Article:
Creating a Cloud application that runs on Bluemix and consumes a NoSQL Database and Watson services.

Hello everyone – It has been a long time since I wrote an article. A few years in fact and work has kept me very busy. I am now the Cloud Architect at IBM for the Bluemix Platform. I wrote a sample application that runs on Bluemix using a web application on a Tomcat Server that has web pages written in JavaScript and Java for the backend. I consume a DBaaS- Database-as-a-Service Cloudant DB. I also use the Watson language translation service.

The problem that I created for the above application to be the solution is as follows:

World renowned Chef Gabriel is one of the most famous chefs on the planet. His recipes are well sort after by everyone from every part of the world.

The demand for his amazing recipes is very high and because of this he would like to able to share them with everyone on earth regardless of the language that they speak. Furthermore Chef Gabriel constantly changes an updates his recipes as new ideas come to him. Chef Gabriel approach IBM looking for a solution to his problem.

Proposed solution:

IBM Architect Gabriel proposes that Chef Gabriel can store all his recipes in the SoftLayer Cloud using Cloudant a NoSQL DB(the exact details of the DB were not shared with the Chef as Chefs wouldn’t understand technical terms).

Chef Gabriel’s website can also be hosted within Bluemix(SoftLayer). The website will connect to the DB that houses all of his recipes. Since visitors to his site speak different languages we will make use of Watson Language Translator. This will enable all the visitors to choose the language that they want to view the recipe in. The Website application will then retrieve the language form the DB and then make a translation to the language that the visitor has chosen. The visitor to the website can then view the recipe in his preferred language.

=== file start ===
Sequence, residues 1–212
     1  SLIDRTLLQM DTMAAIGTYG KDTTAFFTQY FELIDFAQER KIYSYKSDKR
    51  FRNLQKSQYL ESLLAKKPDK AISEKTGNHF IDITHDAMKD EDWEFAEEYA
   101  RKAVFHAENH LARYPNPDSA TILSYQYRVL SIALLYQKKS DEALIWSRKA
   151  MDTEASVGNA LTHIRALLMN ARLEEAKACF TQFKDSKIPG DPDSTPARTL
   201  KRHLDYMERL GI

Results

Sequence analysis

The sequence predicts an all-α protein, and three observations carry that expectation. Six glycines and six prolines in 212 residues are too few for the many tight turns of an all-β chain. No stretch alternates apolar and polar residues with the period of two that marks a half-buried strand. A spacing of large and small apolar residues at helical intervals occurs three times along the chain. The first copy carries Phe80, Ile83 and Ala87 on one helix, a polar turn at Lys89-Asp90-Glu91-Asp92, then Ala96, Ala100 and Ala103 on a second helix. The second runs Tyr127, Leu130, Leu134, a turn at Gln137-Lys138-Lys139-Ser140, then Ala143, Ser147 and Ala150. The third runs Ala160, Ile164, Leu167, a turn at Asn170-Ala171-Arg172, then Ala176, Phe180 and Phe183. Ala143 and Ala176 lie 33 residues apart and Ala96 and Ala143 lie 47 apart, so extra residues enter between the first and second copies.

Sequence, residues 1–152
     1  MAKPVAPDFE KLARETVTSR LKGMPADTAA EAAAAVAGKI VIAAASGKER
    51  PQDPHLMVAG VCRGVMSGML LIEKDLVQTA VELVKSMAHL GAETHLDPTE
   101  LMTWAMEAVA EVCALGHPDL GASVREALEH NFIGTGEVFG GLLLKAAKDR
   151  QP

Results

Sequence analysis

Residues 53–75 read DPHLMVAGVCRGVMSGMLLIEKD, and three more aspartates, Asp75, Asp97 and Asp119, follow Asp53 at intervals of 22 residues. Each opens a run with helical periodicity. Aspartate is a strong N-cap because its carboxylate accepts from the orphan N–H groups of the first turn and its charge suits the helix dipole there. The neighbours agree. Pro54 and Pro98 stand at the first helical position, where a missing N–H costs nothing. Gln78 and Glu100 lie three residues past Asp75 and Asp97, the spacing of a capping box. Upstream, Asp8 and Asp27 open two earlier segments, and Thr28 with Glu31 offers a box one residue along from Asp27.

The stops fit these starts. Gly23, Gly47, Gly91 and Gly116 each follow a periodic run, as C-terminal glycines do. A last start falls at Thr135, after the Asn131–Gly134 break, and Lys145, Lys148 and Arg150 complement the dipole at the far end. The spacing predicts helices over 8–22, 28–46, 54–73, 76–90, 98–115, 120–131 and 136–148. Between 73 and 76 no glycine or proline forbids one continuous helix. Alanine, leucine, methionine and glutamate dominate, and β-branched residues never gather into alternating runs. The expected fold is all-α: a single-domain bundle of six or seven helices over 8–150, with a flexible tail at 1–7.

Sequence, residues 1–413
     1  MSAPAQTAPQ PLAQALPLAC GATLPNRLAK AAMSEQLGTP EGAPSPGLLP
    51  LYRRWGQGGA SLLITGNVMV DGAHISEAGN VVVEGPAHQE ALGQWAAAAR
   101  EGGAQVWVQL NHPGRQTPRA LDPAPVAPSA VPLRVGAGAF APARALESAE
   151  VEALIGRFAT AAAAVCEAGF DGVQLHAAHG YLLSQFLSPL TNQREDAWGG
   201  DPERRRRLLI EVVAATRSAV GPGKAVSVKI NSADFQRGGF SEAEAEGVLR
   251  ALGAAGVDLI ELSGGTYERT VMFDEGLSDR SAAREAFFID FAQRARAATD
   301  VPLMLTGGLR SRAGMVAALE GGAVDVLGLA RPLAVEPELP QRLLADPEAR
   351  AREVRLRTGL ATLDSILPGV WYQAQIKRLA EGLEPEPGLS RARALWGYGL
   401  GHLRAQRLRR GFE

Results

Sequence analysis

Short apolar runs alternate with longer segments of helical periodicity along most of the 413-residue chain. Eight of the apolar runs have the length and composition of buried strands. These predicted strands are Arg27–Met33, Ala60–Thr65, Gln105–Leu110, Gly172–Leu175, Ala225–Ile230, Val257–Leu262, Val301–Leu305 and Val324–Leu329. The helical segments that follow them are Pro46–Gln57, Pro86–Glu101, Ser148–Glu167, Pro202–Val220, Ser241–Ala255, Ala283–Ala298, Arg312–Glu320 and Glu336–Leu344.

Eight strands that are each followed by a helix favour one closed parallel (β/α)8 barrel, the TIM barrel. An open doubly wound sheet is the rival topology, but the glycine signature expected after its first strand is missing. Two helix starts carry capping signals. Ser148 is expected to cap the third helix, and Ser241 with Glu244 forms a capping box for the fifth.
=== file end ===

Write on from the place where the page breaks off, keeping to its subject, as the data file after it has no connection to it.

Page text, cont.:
Architecture diagram:


Sequence diagram:


The web application will retrieve the list of languages from Watson language Translator and the list of stored recipes in the Cloudant DB. This will then appear on screen and the visitor can select the recipe and the language he wants and the Web Application will retrieve that recipe and then have it translated in the relevant language.

My end result is a website that stores recipes. You can request a recipe in a language of your choice as long as that language is offered by Watson Language Translator.

There was one work around I had to implement because Cloudant DB did not seem to allow one to, via the Java SDK, write the ids for the documents in the database. It only allowed them to be auto generated. Hence I had to retrieve all the recipe documents in order to get the name of a particular recipe. This would be processor intensive and affect performance for large scale systems. Fortunately this is a demo. However please note I am aware of this facets.

The technologies I used were:

  • REST based HTTP/HTTPS calls,
  • JQuery- for the webpage
  • Gson for JSON.
  • CSS- for stylesheets
  • Java – for the backend
  • Cloudant noSQL- for the database
  • Watson Language translator – for the language translation.

I include a diagram of the UML that shows the relationship between the RecipeRequest and Recipe and Language objects. Note the RecipeRequest is really an association class that connects a recipe to a language that is to be translated. This is because a Recipe cannot have a property of language. A recipe is purely a method. In theory even a drawing ,or a picture, could be a recipe. A language is a concept in its own right. Hence I used an association RecipeRequest to connect the Recipe to a Language.


The website url is Please try it out. The code resides at You can clone the repository. Remember you need to use the Cloud Foundry commands to deploy to the Bluemix runtime. Below is are screenshots of the website.

A screen shot:


When we change the language the recipe is translated:


That ends my post. Happy coding.

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